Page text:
The Scientific Method

Einstein's ideas are called “theories” because they were initially unproven. They did not start out as facts; they were ideas that had to be tested. This aspect is, in and of itself, unremarkable. Most large-scale ideas that present new information, or suggest a reversal of old information, are going to be questioned by someone; as such, they will be considered theories until most people agree on their validity. This is what is called the “scientific method”–the method by which science tries to develop more and more accurate descriptions of the natural world around us.

The scientific method is the way in which scientists, over time, attempt to construct an accurate representation of the world around us. The foundation of the scientific method is experimental verification–any idea must be tested before it can be accepted.

Hypothesis

The scientific method is the basis of Einstein's work and of all other scientific research–in the past, present, and future. The scientific method begins with a hypothesis, which is a new thought or idea to explain some observation of the world around us. The hypothesis must be testable; this is the main difference between science and other fields such as religion or philosophy. In science, once a new idea or explanation is proposed, it must make specific claims or predictions that can be tested.

The scientific method consists of the following steps:

  • Observation of a particular phenomenon.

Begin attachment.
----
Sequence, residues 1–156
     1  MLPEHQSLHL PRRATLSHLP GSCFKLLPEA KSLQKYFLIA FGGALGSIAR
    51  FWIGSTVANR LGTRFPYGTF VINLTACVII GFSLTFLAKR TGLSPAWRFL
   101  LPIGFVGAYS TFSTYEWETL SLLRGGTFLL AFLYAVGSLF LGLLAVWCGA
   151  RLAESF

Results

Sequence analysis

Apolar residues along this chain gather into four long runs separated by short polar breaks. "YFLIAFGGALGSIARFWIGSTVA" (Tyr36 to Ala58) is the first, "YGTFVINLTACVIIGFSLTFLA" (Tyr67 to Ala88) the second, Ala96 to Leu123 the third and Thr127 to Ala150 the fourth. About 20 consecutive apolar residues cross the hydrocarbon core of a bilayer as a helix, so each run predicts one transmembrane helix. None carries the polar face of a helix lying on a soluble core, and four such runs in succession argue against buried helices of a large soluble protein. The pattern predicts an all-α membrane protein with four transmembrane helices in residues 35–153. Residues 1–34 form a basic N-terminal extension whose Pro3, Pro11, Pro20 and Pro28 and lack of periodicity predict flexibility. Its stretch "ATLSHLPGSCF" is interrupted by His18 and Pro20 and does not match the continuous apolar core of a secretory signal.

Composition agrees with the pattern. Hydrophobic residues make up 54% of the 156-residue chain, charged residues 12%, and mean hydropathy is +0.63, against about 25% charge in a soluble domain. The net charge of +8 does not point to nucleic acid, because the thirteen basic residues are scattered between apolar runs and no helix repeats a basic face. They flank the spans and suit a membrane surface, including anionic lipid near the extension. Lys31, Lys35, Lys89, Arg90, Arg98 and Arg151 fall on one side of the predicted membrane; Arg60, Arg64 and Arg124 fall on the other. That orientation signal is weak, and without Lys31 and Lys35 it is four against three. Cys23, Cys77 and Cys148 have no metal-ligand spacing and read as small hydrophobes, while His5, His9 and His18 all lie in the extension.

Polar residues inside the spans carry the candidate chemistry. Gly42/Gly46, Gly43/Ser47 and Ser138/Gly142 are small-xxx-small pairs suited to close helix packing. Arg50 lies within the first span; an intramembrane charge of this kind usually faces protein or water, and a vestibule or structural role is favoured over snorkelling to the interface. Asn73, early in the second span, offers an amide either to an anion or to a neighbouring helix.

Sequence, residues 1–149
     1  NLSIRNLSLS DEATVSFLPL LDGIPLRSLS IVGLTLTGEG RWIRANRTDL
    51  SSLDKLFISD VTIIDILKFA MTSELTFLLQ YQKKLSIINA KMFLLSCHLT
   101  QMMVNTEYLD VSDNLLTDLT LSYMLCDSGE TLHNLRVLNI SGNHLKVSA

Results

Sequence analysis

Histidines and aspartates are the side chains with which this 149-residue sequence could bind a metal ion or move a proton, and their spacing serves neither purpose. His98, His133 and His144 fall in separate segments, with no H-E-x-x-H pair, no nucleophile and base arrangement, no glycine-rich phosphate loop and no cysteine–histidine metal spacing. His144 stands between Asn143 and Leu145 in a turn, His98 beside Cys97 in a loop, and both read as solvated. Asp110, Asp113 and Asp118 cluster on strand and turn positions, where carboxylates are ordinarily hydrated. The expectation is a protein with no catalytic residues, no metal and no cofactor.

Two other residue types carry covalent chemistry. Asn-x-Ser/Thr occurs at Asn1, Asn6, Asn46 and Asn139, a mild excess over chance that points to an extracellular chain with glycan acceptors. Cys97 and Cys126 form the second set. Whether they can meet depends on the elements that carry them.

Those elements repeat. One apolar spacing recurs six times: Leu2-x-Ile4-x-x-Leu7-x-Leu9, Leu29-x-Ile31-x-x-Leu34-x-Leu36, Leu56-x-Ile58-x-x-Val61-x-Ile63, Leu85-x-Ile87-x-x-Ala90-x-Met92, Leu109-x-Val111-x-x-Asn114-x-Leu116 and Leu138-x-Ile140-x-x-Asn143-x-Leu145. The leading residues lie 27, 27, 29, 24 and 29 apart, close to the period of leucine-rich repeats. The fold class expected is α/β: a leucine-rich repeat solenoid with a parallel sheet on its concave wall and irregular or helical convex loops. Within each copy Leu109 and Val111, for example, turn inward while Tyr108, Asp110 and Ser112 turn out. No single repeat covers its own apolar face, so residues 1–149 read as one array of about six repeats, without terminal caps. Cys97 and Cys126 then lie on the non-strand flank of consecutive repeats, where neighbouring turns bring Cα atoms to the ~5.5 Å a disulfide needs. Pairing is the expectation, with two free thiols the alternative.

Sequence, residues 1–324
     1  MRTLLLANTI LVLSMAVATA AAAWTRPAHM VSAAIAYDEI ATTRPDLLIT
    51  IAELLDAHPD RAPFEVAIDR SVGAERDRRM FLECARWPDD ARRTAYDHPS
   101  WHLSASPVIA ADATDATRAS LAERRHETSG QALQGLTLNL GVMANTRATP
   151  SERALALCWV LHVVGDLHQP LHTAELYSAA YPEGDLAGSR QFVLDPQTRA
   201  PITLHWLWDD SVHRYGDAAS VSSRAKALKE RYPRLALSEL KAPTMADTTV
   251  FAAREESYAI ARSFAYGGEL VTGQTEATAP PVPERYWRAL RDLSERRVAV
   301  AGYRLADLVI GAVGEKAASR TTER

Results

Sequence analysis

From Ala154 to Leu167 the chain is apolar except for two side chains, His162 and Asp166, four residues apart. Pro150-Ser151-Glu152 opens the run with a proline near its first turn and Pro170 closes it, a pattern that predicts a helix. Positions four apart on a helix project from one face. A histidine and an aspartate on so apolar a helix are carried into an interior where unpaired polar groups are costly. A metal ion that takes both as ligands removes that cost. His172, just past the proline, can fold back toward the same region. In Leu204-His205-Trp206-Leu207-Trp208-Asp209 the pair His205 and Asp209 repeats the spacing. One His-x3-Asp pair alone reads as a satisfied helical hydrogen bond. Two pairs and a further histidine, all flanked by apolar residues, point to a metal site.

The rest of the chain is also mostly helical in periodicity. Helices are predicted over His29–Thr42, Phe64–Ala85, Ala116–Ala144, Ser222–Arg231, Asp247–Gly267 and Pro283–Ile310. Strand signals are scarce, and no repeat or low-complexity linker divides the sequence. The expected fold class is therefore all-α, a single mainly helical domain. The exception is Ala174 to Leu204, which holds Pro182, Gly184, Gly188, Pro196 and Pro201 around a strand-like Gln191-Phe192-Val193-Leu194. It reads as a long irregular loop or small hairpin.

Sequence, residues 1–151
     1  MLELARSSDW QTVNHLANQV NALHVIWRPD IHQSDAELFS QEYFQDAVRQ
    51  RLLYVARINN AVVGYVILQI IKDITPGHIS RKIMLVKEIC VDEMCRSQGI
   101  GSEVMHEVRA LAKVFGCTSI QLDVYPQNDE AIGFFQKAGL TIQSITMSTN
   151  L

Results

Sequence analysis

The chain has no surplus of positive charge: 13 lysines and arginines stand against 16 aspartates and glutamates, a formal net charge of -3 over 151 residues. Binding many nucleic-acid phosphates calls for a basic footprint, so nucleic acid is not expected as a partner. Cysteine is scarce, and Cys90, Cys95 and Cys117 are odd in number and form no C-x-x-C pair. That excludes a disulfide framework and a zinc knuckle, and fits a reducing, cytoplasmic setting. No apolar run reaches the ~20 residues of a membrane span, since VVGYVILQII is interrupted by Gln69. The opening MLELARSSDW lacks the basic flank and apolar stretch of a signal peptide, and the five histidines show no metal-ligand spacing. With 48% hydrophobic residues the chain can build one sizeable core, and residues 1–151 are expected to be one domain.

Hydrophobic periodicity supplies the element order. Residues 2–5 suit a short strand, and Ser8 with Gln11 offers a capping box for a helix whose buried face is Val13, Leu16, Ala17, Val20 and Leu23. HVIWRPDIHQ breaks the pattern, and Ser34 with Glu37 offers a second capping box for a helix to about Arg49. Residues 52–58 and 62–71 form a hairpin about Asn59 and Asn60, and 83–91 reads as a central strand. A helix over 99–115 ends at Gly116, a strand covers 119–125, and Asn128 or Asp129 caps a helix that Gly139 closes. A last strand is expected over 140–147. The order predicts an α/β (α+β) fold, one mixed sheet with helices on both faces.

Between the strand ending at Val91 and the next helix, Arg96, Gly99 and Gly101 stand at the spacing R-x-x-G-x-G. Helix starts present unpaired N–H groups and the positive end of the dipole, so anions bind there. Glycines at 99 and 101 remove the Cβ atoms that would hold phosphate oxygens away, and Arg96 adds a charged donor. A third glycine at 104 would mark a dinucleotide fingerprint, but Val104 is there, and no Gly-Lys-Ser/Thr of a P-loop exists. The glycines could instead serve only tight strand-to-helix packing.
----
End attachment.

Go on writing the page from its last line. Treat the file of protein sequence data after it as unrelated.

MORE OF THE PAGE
• Formulation of a hypothesis to explain the observations.

  • Use of the hypothesis to make further predictions.

  • Performance of experiments to test the predictions made by the hypothesis.

Experimental Verification

The predictions are then tested by experiments performed by many independent scientists, not just the one or ones who initially made the hypothesis. If the predictions made by the hypothesis turn out to be correct, then the hypothesis has been proved accurate; it will eventually become elevated in stature to a theory or a law of nature. Even theories can be overturned. As you will see in the following chapters, Einstein's theories showed that Newton's laws of classical mechanics, the established theories of the previous century, did not hold up under certain conditions.

Only a scientific theory that has been subjected to experimental verification can truly be called a theory. An important example is the theory of evolution, which has made specific predictions that have proved correct. This theory can be compared to the idea of creationism, which can make no such predictions. Evolution is therefore a scientific theory, while creationism is not.

Revolutionary Theories

So what made Einstein's theories so special? One of the primary reasons Einstein stood out from his predecessors and contemporaries is that the theory of relativity (discussed in detail in Chapter 6 and Chapter 12) changed the way scientists fundamentally considered both space and time. Humankind's place in the universe was seen from a new perspective, and such a notion was both frightening and exciting. Other scientists had important theories; Einstein's were daring. Sometimes a little excitement goes a long way toward the creation of a legacy!

In fact, Einstein's ideas were so revolutionary that much of the scientific community initially rejected them as being too outlandish. Einstein won the Nobel Prize in physics, but for some much less controversial work he had done early in his career–not for relativity. It took many years for Einstein's ideas to become part of the scientific mainstream.

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